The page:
Global warming increasing the threat of food shocks


Researchers say that extreme weather events, which impact the production of food, could take place in seven years out of every ten years by the end of the century. Authors of a recent study argue that the over reliance on today’s global trade might make the production shocks even worse. The biggest impacts will likely be felt across the Middle East and Africa.

Poor harvest added to low stock of grains during 2008 combined with a number of other factors produced a huge rise in prices of cereals with an index of prices by the United Nations peaking at over 2.8 times higher than at the turn of the century.

The Global Food Security Program’s Tim Benton said we must cope with the increase in demand by sustainable intensification, but suddenly we have a catastrophic year and a large chunk of the calories in the world is lost, and all will feel it.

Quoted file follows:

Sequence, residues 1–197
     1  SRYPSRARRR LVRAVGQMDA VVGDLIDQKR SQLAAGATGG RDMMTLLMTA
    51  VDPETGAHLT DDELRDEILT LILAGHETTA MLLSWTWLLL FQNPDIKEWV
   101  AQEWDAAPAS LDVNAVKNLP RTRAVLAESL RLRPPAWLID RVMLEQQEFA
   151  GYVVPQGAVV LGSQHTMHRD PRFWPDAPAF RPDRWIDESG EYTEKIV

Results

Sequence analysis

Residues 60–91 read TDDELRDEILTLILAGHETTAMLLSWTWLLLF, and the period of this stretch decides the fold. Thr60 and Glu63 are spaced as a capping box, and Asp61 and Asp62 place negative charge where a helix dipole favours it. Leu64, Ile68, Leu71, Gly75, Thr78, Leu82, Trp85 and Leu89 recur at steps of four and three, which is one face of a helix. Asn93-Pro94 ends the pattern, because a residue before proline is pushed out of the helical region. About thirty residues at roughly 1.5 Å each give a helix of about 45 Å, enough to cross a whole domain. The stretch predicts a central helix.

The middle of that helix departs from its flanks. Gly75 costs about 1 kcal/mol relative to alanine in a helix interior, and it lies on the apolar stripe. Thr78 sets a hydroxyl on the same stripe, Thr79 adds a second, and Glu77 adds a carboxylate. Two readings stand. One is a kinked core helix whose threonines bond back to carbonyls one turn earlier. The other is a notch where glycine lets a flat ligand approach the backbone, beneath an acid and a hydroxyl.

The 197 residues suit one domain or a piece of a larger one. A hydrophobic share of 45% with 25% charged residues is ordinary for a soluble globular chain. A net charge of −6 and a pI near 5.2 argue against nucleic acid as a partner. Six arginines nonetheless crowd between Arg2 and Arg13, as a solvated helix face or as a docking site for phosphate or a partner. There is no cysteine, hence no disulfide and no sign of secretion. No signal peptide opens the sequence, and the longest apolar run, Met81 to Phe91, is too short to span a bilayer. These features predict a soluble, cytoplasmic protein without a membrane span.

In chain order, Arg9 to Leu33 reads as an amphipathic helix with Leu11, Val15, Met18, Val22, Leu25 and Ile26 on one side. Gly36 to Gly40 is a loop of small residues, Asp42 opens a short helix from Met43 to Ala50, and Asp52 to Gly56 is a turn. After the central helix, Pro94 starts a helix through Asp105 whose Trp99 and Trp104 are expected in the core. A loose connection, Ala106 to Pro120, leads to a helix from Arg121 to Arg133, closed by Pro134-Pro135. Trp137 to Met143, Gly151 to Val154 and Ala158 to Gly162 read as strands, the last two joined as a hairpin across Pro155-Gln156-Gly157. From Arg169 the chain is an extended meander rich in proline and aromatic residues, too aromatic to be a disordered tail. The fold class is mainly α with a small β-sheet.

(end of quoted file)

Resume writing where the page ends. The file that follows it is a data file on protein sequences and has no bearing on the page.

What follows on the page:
During 2010 and 2011, a heat wave across Russia led to the worst drought in the country in more than 40 years. The drought decimated the year’s grain harvest and led indirectly to food riots across countries in North Africa as bread prices rose astronomically quick and high.

Now UK and U.S. researchers have analyzed the possibilities of events of extreme weather causing these food shocks as the world gets warmer over the next century.

Looking at soybeans, corn, wheat and rice production, the scientists found that the chances of a one in a 100-year production disruption would likely increase to a one in a 30-year event before 2040.

As of 2070 and onward, the scientists estimate severe shocks, which could drop production globally by 10%, could take place in 7 out of every 10 years.

Kirsty Lewis an author of the study from the Met Office in the UK said it was very difficult to characterize the extreme events and how often they will occur, but it is very clear through research that the events that are quite rare today will become more frequent moving ahead.

The Food and Agriculture Organization of the UN said the demand for food from increasing populations would increase 60% by 2050.


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